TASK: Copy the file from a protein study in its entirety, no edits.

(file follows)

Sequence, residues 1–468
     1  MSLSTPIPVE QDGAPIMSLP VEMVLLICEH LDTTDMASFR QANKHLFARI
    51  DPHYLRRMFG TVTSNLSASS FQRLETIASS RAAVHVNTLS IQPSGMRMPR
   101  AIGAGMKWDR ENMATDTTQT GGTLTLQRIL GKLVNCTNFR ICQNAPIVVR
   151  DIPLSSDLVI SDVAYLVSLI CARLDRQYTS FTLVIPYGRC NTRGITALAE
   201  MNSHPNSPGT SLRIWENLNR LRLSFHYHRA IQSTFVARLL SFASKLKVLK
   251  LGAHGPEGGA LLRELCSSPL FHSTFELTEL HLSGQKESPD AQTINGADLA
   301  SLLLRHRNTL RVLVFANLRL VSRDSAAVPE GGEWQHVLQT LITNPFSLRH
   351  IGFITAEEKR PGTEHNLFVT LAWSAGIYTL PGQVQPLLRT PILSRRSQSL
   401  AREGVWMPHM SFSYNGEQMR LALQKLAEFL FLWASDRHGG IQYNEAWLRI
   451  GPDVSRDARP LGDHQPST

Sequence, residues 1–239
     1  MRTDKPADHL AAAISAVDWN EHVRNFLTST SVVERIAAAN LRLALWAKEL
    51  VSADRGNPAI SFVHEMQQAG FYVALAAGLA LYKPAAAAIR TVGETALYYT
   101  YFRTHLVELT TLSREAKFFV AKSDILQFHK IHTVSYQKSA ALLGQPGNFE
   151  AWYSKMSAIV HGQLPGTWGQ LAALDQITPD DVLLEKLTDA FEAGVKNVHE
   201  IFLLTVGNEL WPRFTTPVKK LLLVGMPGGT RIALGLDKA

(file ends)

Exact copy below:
Sequence, residues 1–468
     1  MSLSTPIPVE QDGAPIMSLP VEMVLLICEH LDTTDMASFR QANKHLFARI
    51  DPHYLRRMFG TVTSNLSASS FQRLETIASS RAAVHVNTLS IQPSGMRMPR
   101  AIGAGMKWDR ENMATDTTQT GGTLTLQRIL GKLVNCTNFR ICQNAPIVVR
   151  DIPLSSDLVI SDVAYLVSLI CARLDRQYTS FTLVIPYGRC NTRGITALAE
   201  MNSHPNSPGT SLRIWENLNR LRLSFHYHRA IQSTFVARLL SFASKLKVLK
   251  LGAHGPEGGA LLRELCSSPL FHSTFELTEL HLSGQKESPD AQTINGADLA
   301  SLLLRHRNTL RVLVFANLRL VSRDSAAVPE GGEWQHVLQT LITNPFSLRH
   351  IGFITAEEKR PGTEHNLFVT LAWSAGIYTL PGQVQPLLRT PILSRRSQSL
   401  AREGVWMPHM SFSYNGEQMR LALQKLAEFL FLWASDRHGG IQYNEAWLRI
   451  GPDVSRDARP LGDHQPST

Sequence, residues 1–239
     1  MRTDKPADHL AAAISAVDWN EHVRNFLTST SVVERIAAAN LRLALWAKEL
    51  VSADRGNPAI SFVHEMQQAG FYVALAAGLA LYKPAAAAIR TVGETALYYT
   101  YFRTHLVELT TLSREAKFFV AKSDILQFHK IHTVSYQKSA ALLGQPGNFE
   151  AWYSKMSAIV HGQLPGTWGQ LAALDQITPD DVLLEKLTDA FEAGVKNVHE
   201  IFLLTVGNEL WPRFTTPVKK LLLVGMPGGT RIALGLDKA